Irish Times: Mayo Co Council to meet on Corrib gas project: “Shell E&P Ireland said yesterday it was still considering the consent to lay the offshore pipeline granted on Tuesday by Mr Dempsey, but it had not yet responded to his letter of July 31st directing the company to break up the 3km of onshore pipeline which had been welded without ministerial consent.”: Thursday Aug 04, 2005
Lorna Siggins, Western Correspondent
Mayo County Council is to hold an emergency meeting within the next fortnight over the Corrib gas field controversy. This follows a six-hour sit-in yesterday at the local authority's Castlebar offices by wives of the five imprisoned Rossport residents.
Three Fianna Fail councillors were among the requisite five local authority representatives who successfully petitioned the cathaoirleach, Fine Gael councillor Henry Kenny, to hold the meeting after an earlier appeal by the wives and members of the Shell to Sea campaign.
The emergency meeting will be held to "address the matter of the imprisonment of the Rossport Five and the issue of cleaning the gas at sea called for by the imprisoned men as the only viable solution to the problems of health and safety inherent in the upstream pipeline as currently proposed".
The petition was signed by Fianna Fail councillors Tim Quinn, who supports an offshore terminal, and Frank Chambers, along with Johnny Mee (Lab) and Micheal Holmes (Ind).
Fine Gael holds the majority, at 13 of 31 seats, on the county council, Fianna Fail has 10 seats, Labour and the Greens have one each and there are two independents.
Mr Kenny had agreed to meet a delegation involving the five women, family members and supporters, and the four Belmullet area councillors in Castlebar yesterday morning.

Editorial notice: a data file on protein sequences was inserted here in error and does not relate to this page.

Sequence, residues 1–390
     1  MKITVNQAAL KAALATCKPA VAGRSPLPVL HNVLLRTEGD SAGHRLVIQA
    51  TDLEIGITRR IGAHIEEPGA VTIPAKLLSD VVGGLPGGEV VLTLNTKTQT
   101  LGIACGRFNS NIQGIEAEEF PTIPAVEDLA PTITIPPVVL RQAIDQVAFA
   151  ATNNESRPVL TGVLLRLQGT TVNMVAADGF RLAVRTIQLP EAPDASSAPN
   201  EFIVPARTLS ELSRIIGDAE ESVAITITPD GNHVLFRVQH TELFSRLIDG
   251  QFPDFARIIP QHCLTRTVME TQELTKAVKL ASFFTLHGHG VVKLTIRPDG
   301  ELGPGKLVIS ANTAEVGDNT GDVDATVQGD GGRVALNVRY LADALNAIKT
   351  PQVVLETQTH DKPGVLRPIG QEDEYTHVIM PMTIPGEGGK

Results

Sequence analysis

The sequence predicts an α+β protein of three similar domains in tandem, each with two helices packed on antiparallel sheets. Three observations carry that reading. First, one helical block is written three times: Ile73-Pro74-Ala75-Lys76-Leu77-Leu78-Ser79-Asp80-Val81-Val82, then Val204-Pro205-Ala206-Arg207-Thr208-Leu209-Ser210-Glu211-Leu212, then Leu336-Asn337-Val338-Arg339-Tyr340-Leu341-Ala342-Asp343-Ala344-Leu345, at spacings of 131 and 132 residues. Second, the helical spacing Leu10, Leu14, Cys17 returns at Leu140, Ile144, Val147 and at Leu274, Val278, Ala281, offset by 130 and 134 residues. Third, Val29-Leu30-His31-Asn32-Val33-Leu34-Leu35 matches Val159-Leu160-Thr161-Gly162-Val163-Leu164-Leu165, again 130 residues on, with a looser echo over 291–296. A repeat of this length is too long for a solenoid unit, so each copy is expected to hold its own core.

During the two-hour meeting, appeals were made by CaitlIn O Seighin for her husband Micheal; Mary Corduff for her husband Willie; Aggie Philbin, wife of Brendan; Maureen McGrath, wife of Philip; her namesake Maureen, wife of Vincent McGrath, and landowner BrId McGarry for a meeting of the local authority.
Mr Quinn (FF) said he had already told Minister for the Marine Noel Dempsey that even the Army would not be able to lay the Corrib gas pipeline due to opposition. The five men opposing the onshore pipeline are in their fifth week in prison.
Two weeks ago, a motion proposed by Mr Quinn calling for the release of the five men and an offshore terminal was overturned by the cathaoirleach. Several days later, Galway County Council supported a similar motion proposed by Independent councillor Seosamh O Cuaig.
The sit-in occurred after Mr Kenny withdrew from the meeting, with Cllr Gerry Coyle (FG), to consult the party whip. Twenty family and campaign members, including spokesman Dr Mark Garavan, were joined by Mayo TD Dr Jerry Cowley (Ind). Shortly after 4pm, Mr Kenny phoned to say that he would accept the petition by the five councillors.
Dr Cowley welcomed the breakthrough, but said that it had not been a good day for Fine Gael in Mayo and had also shown that the local authority was not willing to respond to people's wishes. He called once again for Fine Gael leader Enda Kenny to clarify his position on the need for an offshore terminal. Dr Cowley also criticised Mr Dempsey's statement on Tuesday in relation to the economic importance of the Corrib gas project.
"Shell will only be paying tax on profits, has a total write-off period of 25 years and is getting the raw natural resource for nothing," Dr Cowley said. He repeated his call for a root-and-branch examination of the Corrib project and a freeze on all new exploration licensing in Irish waters.
Shell E&P Ireland said yesterday it was still considering the consent to lay the offshore pipeline granted on Tuesday by Mr Dempsey, but it had not yet responded to his letter of July 31st directing the company to break up the 3km of onshore pipeline which had been welded without ministerial consent.
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